Corbin agreed to examine the tape as part of the ongoing Bolles investigation (Emprise was suspected of involvement in Bolles' death), but not as an independent probe of Babbitt.

"We didn't put a lot of faith in this one, but we felt we had a duty to check it out," Corbin remembers. "We tried to track down so many of Devereux's leads, but it was pathetic--they just wouldn't pan out. And then he'd write in the Scottsdale Progress that we had refused to check it out. I used to get so damned mad at him.

"So I said to my guys, 'Look, go check it out. We've got to check it out or we're going to get accused of covering up for Bruce.'"
Just as the report that Corbin and crew were "investigating" Babbitt turned out to be overblown, it soon became apparent that Lane didn't have any evidence to support his story about the payoff. In fact, Lane admitted to New Times in a 1986 interview that in mentioning the payoff to Nation, he was merely lapsing into a Joseph Stedino-esque fit of braggadocio.

"This is the straight story," said Lane, who was by then retired to Colorado. "I didn't know shit about Bruce Babbitt and gambling. It was something I heard somebody talking about rumorwise one time, and when I got this call from old Keith Nation, I just start bullshitting him--one braggart talking to another braggart."
Even if Lane had been serious about the payoff allegation, however, the story is of dubious relevance to the latest Seper resurrection of gambling accusations against Babbitt. Nowhere on the tape does Lane say the payoff was meant to cover gambling debts, as Seper reports. Rather, Lane indicates that the $45,000 was strictly a direct bribe to ensure Babbitt's complicity in the Emprise deal with state officials.

Nevertheless, Seper saw fit to include Lane's charge in his Washington Times story, patchworking it into the other gambling allegations by using a narrow, almost nonexistent thread of logic: The alleged payoff was from a company that dealt with gambling and had a "mob" interest in a Las Vegas casino, Babbitt had Vegas gambling debts, therefore the payoff must have been meant to cover those debts.

Such attenuated linkages, Corbin says, are Seper's stock in trade. Devereux also has been known, he adds, to make long leaps.

"A reporter . . . can take a fact way over here to the right and one way over here to the left and you can bring them together," he notes. "I've got to have evidence to bring them together."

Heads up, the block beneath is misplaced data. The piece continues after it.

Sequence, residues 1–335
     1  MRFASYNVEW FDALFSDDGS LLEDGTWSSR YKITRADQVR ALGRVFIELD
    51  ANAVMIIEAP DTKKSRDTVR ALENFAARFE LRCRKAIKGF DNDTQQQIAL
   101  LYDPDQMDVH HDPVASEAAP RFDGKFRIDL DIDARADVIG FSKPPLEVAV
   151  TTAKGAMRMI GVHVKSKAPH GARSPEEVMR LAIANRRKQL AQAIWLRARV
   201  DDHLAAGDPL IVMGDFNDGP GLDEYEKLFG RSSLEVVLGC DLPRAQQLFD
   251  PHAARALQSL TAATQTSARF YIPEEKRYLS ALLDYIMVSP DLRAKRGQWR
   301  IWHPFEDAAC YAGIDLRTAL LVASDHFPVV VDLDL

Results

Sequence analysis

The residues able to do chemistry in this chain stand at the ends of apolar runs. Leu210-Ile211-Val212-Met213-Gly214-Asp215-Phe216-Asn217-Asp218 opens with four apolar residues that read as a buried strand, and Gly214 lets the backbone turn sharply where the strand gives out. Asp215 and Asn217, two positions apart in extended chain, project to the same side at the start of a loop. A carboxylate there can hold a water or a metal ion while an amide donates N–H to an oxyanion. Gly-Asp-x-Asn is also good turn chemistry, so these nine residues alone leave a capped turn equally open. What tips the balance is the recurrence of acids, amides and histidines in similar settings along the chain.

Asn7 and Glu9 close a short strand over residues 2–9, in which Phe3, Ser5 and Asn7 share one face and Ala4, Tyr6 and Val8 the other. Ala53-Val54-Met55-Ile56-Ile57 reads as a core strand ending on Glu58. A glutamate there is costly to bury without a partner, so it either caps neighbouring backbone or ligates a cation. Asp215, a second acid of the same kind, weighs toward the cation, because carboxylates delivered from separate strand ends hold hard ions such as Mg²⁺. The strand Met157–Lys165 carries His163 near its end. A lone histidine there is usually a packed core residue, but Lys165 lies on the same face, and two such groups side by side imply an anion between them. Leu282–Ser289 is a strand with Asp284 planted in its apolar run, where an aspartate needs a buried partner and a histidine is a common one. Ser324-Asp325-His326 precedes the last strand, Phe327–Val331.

@body:More than simply bending facts to fit, Seper apparently ignored that portion of documents that exonerated his target. According to the same grand jury testimony that Seper cites as proof that the former governor of Arizona was under investigation for gambling as late as 1990, any questions about Babbitt's gambling were answered.

Yes, George Weisz did tell a grand jury--as part of the Bolles investigation--that Babbitt's name had appeared in the Central Credit files. What Seper neglected to include in his damning story, however, is that Weisz went on to testify that there had been a thorough search of all hotel and casino records, and that no mention of Babbitt was found.

As part of his investigation, Weisz interviewed George Duckworth, who started out as a shift boss at the Dunes in 1961 and finished his career as president of the hotel.

Grand jury transcripts show that Duckworth had never heard of Babbitt gambling at the Dunes. According to Weisz, if Duckworth hadn't heard about it, it didn't happen.

"I asked him if an individual such as Mr. Babbitt or any political figure or entertainer would be gambling at the Dunes, would he hear about it?" Weisz testified. "He said he would absolutely hear about it. Something like that would come to his attention, and he just had not heard about Bruce Babbitt doing any gambling at the Dunes."
Weisz also interviewed Inez Anderson, the casino collections manager for the Dunes. In 1986, Anderson was asked by Morris Schenker--the then-operator of the Dunes and a Teamsters boss who federal officials suspected of having ties to organized crime--to comb the hotel's files for any records on Babbitt. Seeking to please her boss, Anderson told Weisz she "checked every record possible," including all the casino books and hotel ledgers. She also talked to employees in the cashier and accounting areas to determine if they knew anything about credit extended to Babbitt.

What did she turn up? Zero, according to Weisz.
As for the credit checks themselves, Weisz interviewed a 22-year employee of Central Credit who said that all the presence of Bruce Babbitt's name in the files indicates is that someone from a casino called and asked about the name. Rather than citing the credit checks as information that casts suspicion on Babbitt, Weisz downplays them in his testimony.

Why none of this exculpatory evidence was included by Seper in his story is unknown. He almost certainly had access to the information while writing the piece. His old friend Don Devereux made sure of that.

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